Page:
by Martin Popoff

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Fresh Metal

The 100 Greatest Metal Guitarists (Jawbone Press)

The UK's Joel McIver, over not very many years at all, has become heavy metal's premiere journalist, through periodical work and books alike, as well as through commercial success and the peerless exposure that affords. At the top of the heap, nonetheless his greatest contribution to the form is in being the first to mark the shedding of "hard rock" and much old-ish from the metal lexicon, a point he emphatically has made through his pure 'n' steely metal choicings and voicings throughout this gorgeously appointed tome. Stylish per McIver's usual standards, the book features expert photography and nice touches such as "Genius Moment" indicators as to where to hear the axeman cometh, as well as words of wisdom directly from those chosen. Joel's choices are sure to cause kitchen table knife fights (and wait until you get into the Top 20!). But like I say, McIver is at the front edge, making that paradigm shift, retiring the old gods for all manner of death black thrasher, not to mention young pups in bands such as Bullet For My Valentine, Dragonforce and Avenged Sevenfold. And let's face it, the neo-metal world has carried its own in the shred department, these new bands invigorating through the impossible (but for ProTools), and now finally getting their due through a world authority putting their pasty faces in a world-class book. Mums all over are going to be newly proud, especially given the thorough and scholarly biographical info, the critical analysis and the accessible, not over-bearing guitarspeak Joel bestows upon these long-haired no-goodniks and what they've chosen to do with their lives. A couple of negatives: perhaps too much standard, known, general info hither and thither, and some of the artist quotes seem gratuitous and off-topic. I also think an opportunity is missed with the cool idea of the Genius Moment - I wanted to be guided to 1:08 to 1:24 of a song, and not just a song. Although there is usually some useful direction, at times, I didn't know whether I was supposed to be impressed by the riff or the soloing. Anyway, some nice and nerd-listy appendices round out the show, and then the debate and discussion begins on message boards the world o'er - and like I say, you won't be hearing that the list wasn't heavy enough.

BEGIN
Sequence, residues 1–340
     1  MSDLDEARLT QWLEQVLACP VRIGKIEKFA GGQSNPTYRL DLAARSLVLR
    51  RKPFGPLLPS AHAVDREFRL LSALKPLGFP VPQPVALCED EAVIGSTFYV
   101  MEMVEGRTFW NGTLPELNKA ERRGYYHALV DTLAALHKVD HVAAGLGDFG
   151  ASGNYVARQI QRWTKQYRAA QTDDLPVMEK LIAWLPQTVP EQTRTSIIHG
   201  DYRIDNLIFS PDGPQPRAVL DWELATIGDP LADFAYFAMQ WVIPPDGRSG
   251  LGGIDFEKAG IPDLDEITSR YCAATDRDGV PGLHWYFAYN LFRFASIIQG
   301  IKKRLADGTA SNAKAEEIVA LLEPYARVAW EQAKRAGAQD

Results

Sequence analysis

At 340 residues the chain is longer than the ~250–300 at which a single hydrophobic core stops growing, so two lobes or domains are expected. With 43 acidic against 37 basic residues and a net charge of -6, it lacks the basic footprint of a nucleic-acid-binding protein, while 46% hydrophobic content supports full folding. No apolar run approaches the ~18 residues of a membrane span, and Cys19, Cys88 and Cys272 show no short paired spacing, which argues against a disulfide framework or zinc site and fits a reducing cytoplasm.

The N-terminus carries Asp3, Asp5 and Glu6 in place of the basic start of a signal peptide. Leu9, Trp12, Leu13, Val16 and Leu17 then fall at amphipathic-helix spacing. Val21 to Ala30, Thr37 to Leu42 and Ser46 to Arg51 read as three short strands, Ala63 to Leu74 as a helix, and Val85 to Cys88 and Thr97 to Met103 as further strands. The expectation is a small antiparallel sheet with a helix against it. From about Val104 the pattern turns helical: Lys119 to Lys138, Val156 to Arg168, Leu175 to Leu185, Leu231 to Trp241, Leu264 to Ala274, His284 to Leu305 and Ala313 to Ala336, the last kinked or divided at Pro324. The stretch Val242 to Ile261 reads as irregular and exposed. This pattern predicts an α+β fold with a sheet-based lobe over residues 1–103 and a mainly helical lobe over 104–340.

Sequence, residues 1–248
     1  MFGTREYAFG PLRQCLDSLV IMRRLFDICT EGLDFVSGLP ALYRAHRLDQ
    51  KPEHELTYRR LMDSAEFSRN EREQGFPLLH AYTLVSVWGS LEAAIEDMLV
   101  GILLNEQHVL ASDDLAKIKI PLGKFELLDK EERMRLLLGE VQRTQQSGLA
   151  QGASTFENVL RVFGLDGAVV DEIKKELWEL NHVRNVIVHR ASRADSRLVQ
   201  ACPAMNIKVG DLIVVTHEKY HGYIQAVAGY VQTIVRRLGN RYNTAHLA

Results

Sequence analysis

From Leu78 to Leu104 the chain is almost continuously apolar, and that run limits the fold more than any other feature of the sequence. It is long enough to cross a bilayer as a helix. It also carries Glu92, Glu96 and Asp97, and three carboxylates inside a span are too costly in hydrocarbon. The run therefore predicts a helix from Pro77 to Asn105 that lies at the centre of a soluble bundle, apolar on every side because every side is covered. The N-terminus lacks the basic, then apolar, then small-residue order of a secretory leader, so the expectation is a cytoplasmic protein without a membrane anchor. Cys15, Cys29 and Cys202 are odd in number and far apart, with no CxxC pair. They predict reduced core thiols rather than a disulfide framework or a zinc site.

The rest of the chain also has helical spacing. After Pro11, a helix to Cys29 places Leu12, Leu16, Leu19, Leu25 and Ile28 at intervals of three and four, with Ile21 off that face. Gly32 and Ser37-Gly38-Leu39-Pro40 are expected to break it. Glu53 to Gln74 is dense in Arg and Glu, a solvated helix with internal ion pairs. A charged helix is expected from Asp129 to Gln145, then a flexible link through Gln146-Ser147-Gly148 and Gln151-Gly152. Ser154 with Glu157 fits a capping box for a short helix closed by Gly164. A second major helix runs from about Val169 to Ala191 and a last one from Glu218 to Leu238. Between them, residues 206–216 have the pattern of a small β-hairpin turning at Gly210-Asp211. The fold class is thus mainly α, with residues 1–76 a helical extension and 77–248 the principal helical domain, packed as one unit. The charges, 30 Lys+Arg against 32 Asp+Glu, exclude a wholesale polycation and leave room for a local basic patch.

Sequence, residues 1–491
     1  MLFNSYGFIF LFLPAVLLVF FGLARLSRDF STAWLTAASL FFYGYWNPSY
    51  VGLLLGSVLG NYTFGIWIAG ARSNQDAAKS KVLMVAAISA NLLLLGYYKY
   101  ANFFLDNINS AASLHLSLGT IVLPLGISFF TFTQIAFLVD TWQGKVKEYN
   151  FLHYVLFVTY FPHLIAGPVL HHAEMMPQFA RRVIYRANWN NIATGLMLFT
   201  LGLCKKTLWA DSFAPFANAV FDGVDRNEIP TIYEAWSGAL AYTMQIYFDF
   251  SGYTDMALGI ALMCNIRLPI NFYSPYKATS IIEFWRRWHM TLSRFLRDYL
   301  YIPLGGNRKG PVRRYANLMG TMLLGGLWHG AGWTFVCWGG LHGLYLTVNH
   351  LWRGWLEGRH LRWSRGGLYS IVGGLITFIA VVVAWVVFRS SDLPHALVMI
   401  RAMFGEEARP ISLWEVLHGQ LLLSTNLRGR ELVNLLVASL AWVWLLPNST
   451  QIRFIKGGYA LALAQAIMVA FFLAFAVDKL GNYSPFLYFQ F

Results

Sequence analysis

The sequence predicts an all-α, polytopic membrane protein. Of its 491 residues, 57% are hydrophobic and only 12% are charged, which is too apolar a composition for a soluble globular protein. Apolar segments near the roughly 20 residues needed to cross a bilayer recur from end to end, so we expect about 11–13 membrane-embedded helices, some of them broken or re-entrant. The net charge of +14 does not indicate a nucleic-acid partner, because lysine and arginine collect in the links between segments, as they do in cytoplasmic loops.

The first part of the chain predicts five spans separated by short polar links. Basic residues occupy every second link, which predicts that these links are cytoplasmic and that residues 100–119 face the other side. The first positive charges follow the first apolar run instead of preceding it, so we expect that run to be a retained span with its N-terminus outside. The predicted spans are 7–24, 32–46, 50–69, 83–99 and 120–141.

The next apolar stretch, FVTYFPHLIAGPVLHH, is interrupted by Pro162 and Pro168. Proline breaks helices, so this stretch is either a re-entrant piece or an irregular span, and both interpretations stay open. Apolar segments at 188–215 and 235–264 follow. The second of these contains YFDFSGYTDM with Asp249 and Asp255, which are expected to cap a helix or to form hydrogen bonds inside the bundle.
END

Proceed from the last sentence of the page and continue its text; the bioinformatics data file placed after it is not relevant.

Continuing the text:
Rating 8.5

Left For Dead (Blistering)

Never one of the stand-out power thrash acts, Laaz Rockit are back, presumably to slake the thirst of European audiences who like live reunions. On a positive tack, the band actually do reflect the mid-paced but technical and very heavy values of Annihilation principle and Know Your Enemy, but on the negative, the production here sounds compressed, synthetic, and with clacky bass. Vocals don't project emotion, but more of a grim poverty metal placement. I'm hearing low-grade Testament and Exodus, or Meliah Rage, Vicious Rumors, Lizzy Borden, Annihilator and Flotsam at their least inspired, thrashing about for purpose, issuing an album through that abstract window where none was particularly requested. Resolute, workmanlike, and evidently built with a tireless love of pure metal, Left For Dead sounds simply old school of a run-down school that is drafty with poor lighting.
Rating 6

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